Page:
Goto

Collaborating Authors

Looking For An AI Ethicist? Good Luck

#artificialintelligence

As more companies adopt AI, the risks posed by AI are becoming clearer to business leaders. That is driving many companies to hire AI ethicists to help guide them through an ethical minefield. But just as data scientists proved to be as elusive as unicorns, qualified AI ethics are also in very short supply, says Beena Ammanath, executive director of Deloitte's AI Institute. "We've seen different models evolving. It's still very nascent," Ammanath tells Datanami.


Looking For An AI Ethicist? Good Luck

#artificialintelligence

As more companies adopt AI, the risks posed by AI are becoming clearer to business leaders. That is driving many companies to hire AI ethicists to help guide them through an ethical minefield. But just as data scientists proved to be as elusive as unicorns, qualified AI ethics are also in very short supply, says Beena Ammanath, executive director of Deloitte's AI Institute. "We've seen different models evolving. It's still very nascent," Ammanath tells Datanami.


It's Time to Implement Fair and Ethical AI

#artificialintelligence

Companies have gotten the message that artificial intelligence should be implemented in a manner that is fair and ethical. In fact, a recent study from Deloitte indicates that a majority of companies have actually slowed down their AI implementations to make sure these requirements are met. But the next step is the most difficult one: actually implementing AI in a fair and ethical way. A Deloitte study from late 2019 and early 2020 found that 95% of executives surveyed said they were concerned about ethical risk in AI adoption. While machine learning brings the possibility to improve the quantity and quality of decision-making based on data, it also brings the potential for companies to damage their brand and reduce the trust that customers have placed in it if AI is implemented poorly.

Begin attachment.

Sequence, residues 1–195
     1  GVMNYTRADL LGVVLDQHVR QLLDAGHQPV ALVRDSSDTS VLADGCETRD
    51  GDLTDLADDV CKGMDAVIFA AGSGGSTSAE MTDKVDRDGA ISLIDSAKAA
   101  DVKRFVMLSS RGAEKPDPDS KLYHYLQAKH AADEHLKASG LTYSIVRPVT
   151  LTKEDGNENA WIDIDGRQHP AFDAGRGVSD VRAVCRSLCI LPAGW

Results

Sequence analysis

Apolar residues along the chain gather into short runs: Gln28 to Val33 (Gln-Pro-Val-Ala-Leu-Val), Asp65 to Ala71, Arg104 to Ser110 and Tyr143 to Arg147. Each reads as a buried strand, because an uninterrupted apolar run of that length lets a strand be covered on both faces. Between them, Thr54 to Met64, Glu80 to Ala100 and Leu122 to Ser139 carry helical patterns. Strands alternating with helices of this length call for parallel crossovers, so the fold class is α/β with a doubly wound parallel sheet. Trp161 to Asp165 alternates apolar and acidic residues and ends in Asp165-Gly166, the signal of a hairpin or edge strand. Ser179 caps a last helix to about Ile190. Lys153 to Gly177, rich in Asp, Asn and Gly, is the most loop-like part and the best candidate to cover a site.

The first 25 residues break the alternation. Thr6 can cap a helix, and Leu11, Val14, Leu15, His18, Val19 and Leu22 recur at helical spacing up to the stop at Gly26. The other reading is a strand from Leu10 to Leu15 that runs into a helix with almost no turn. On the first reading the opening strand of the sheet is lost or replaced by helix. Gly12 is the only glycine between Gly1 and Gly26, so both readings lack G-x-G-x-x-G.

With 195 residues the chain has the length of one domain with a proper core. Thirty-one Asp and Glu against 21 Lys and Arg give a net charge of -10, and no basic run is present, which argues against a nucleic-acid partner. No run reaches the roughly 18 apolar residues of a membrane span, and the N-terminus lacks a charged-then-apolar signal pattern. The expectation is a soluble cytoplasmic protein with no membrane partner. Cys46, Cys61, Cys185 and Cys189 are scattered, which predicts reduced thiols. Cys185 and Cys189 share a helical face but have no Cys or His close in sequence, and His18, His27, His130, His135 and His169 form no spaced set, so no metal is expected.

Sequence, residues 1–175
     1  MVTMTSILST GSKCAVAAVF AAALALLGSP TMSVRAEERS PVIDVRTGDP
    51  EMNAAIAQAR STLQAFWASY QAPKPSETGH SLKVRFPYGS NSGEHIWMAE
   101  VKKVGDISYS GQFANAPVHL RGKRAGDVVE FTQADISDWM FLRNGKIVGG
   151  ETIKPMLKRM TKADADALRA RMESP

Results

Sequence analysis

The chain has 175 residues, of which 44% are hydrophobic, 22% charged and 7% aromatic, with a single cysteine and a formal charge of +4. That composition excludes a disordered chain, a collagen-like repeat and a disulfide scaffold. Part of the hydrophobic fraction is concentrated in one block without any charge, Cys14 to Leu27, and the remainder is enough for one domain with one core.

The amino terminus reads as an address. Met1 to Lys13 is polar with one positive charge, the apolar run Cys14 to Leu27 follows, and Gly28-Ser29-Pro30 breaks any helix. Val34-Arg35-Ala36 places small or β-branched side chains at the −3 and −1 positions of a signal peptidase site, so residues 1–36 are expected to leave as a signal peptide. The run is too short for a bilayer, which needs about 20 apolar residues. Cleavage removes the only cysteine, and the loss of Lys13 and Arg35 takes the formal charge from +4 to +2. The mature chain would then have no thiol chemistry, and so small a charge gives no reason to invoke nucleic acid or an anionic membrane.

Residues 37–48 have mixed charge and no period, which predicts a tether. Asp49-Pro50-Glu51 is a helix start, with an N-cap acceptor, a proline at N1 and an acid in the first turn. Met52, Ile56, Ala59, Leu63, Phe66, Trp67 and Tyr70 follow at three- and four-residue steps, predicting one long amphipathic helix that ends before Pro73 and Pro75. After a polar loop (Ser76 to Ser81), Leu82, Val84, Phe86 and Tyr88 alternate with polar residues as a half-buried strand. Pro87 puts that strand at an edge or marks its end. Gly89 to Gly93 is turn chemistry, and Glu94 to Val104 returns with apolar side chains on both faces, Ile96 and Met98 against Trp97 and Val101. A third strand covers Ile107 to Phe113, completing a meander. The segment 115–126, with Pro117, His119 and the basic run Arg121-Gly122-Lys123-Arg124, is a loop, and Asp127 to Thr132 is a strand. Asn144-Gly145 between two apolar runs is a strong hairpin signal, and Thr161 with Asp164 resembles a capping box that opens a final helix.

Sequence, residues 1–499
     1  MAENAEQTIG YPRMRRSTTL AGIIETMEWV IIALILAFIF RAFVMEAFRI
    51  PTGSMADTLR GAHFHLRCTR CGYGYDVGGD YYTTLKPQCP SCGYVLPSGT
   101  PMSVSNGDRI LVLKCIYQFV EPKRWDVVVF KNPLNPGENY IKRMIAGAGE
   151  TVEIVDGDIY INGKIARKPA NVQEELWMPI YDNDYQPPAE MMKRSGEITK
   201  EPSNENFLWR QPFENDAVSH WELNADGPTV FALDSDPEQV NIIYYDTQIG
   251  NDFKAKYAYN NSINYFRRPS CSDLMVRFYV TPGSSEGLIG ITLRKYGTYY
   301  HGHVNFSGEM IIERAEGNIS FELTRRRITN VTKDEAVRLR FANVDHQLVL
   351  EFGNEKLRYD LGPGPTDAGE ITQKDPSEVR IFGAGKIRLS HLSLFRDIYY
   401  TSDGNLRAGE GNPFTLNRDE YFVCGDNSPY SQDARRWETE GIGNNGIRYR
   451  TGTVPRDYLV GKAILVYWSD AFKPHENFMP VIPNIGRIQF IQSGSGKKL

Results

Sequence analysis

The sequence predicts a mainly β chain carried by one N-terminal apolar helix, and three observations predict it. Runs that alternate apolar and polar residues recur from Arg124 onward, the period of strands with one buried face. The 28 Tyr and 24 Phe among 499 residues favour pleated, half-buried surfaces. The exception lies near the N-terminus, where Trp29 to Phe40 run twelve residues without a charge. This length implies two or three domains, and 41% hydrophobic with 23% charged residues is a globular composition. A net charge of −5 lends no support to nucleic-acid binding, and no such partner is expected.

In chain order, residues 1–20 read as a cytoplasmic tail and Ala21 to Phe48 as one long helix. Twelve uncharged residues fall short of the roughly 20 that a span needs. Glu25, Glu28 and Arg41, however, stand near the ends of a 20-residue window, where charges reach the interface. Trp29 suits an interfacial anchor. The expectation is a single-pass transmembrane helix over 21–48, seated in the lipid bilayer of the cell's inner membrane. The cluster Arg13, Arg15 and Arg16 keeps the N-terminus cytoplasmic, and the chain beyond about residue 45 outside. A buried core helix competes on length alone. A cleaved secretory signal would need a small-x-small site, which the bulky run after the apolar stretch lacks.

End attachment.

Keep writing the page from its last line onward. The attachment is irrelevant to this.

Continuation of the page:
Why Having a Chief AI Officer Should Matter to HR

#artificialintelligence

Companies using artificial intelligence (AI) across their business units should consider creating a C-suite position to oversee how AI is used and guard against the risk of making bad decisions based on biased algorithms, experts say. Only a few companies, like Levi Strauss & Co, have established a chief artificial intelligence officer (CAIO) position, and fewer have created a C-level position dedicated solely to AI ethics. Brian Kropp, chief of research in the HR practice at Gartner, said chief technology officers and chief information officers will struggle with handling AI-related decisions and ethical dilemmas. "CTOs and CIOs are going to be thinking about the role through the lens of how they can make the technology work," Kropp said. However, "artificial intelligence is not a question of how you get the technology to work; it's a question of how do you think through the implications of the technology?"


How is an AI Ethicist? Here's What Companies Are Looking For.

#artificialintelligence

Artificial intelligence, which was once considered to have the potential to impact lives everywhere is actually affecting thousands of lives every day in reality. AI algorithms are used in almost every sector – criminal justice, recruitment, news media, manufacturing, banking, military, law enforcement, etc. With AI being used in diverse areas, there is a growing worry among researchers that bias in AI can threaten human rights and society, coming in the way of free speech, right to resources and information, to name a few. With such risks, the need for ethical, responsible, and transparent AI is obvious. In 2019, the AI Ethicist role was established as top 5 hires for companies that want to succeed in the digital domain.